As I prepare to begin work on my fantasy novel in September,* and also as part of Holy Worlds’s summer Read-a-Thon, I have been rereading Sherwood Smith’s Crown Duel** for the third time.
Ever since I first read Crown Duel a couple years ago, it has been on my list of favourite books, and while I grow tired of rereading even favourite books at times, I feel like I can never get weary of it. I know how the story goes, but the book never ceases to show me new facets of Smith’s artistry.
Through my many rereads of Crown Duel, I have learned one big thing about writing.*** Make your world’s culture unnoticeable.
What?! I’m putting all this work into worldbuilding my culture, and people aren’t supposed to notice it?!
When I first read Crown Duel, I was fully engrossed in the plot. There were some elements of worldbuilding that I couldn’t help noticing, like the colorwoods, glowglobes, summons stones, and the like, but she wove in the culture so skilfully that I scarcely noticed it, my mind automatically accepting it as real. I was fully transported to Remalna, seeing everything as though I was as used to it as Meliara herself.
Now, I just finished reading it for the third time, and, being familiar enough with it to pay more attention to the worldbuilding than the story, put it down floored by the the amount of work she put into making the culture unique. Because of how realistically it was presented, I had originally thought that it was minimal. Good, but minimal. How wrong I was. From the emotions communicated in a simple curtsy to fan language and the complicated maze of court etiquette and procedure, Remalna’s unique culture was present everywhere. It wasn’t that Smith didn’t worldbuild. She did – extensively. She just wove it with the threads of story so well that the reader’s mind automatically accepts Remalna as a real place, and feels as though they’ve lived there all their life.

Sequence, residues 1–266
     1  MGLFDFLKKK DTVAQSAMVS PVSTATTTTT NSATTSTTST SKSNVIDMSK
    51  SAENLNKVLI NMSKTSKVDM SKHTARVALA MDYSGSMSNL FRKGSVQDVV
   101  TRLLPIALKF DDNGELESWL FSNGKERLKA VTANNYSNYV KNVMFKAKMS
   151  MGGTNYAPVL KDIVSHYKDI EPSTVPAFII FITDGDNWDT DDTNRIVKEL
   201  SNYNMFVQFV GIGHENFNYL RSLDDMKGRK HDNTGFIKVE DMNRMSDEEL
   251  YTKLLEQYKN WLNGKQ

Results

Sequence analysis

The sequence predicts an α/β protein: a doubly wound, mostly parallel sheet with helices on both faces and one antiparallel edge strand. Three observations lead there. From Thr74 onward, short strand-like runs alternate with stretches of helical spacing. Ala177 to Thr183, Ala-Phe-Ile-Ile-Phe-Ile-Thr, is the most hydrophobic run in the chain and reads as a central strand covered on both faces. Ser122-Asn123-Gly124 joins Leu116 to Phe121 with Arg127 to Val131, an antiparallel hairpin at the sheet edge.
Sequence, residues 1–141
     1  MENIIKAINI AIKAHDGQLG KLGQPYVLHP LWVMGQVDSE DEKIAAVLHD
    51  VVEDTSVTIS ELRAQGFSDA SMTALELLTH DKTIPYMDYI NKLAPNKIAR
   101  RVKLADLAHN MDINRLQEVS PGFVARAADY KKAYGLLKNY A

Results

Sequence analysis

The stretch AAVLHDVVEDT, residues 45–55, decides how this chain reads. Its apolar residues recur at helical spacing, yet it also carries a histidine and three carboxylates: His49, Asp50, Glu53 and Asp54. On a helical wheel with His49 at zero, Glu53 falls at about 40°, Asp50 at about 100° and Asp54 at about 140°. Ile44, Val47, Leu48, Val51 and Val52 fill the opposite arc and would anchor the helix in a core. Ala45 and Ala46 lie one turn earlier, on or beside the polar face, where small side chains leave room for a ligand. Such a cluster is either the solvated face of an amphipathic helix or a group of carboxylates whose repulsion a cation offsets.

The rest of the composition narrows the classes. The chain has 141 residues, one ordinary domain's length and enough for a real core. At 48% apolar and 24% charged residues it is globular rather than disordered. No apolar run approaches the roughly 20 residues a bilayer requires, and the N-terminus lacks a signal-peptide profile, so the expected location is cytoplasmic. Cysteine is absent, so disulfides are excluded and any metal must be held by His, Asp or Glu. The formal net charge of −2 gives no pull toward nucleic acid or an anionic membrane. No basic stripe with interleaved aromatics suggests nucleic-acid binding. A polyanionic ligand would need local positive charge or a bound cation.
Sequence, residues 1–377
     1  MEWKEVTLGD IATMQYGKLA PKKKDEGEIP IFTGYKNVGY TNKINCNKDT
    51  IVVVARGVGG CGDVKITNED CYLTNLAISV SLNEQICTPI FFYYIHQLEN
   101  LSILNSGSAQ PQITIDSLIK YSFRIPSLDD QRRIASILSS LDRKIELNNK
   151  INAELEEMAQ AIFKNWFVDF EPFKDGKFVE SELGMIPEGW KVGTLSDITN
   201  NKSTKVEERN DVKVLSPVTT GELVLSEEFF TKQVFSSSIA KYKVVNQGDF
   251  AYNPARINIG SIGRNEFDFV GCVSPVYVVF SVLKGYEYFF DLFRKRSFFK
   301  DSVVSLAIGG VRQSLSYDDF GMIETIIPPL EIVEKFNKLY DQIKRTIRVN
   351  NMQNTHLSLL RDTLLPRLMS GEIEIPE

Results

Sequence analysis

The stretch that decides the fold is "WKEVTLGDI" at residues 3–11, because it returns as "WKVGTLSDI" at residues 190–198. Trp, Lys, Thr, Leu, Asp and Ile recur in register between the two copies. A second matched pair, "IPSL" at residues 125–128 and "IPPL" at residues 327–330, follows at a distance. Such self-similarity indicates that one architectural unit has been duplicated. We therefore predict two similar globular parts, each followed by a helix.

So do your worldbuilding and all the intense background work, but instead of showing it off to your readers, slip it in silently, carefully, as though you were writing about someplace everyone is familiar with. And maybe readers will read your book over and over again, finding new facets each time and loving it more with every read.****
*Tentatively titled either Masquerade or The King’s Bluff. See, told you it was tentative.
**Note: I do not recommend Smith’s other books, due to inappropriate content.
***Other than: “My novel is never going to be so amazingly good like this in a million years.”
****Of course, this doesn’t fix having a poor plot and flat characters. Work on those too. Oh, and read Crown Duel while you’re at it. You won’t regret it, I promise.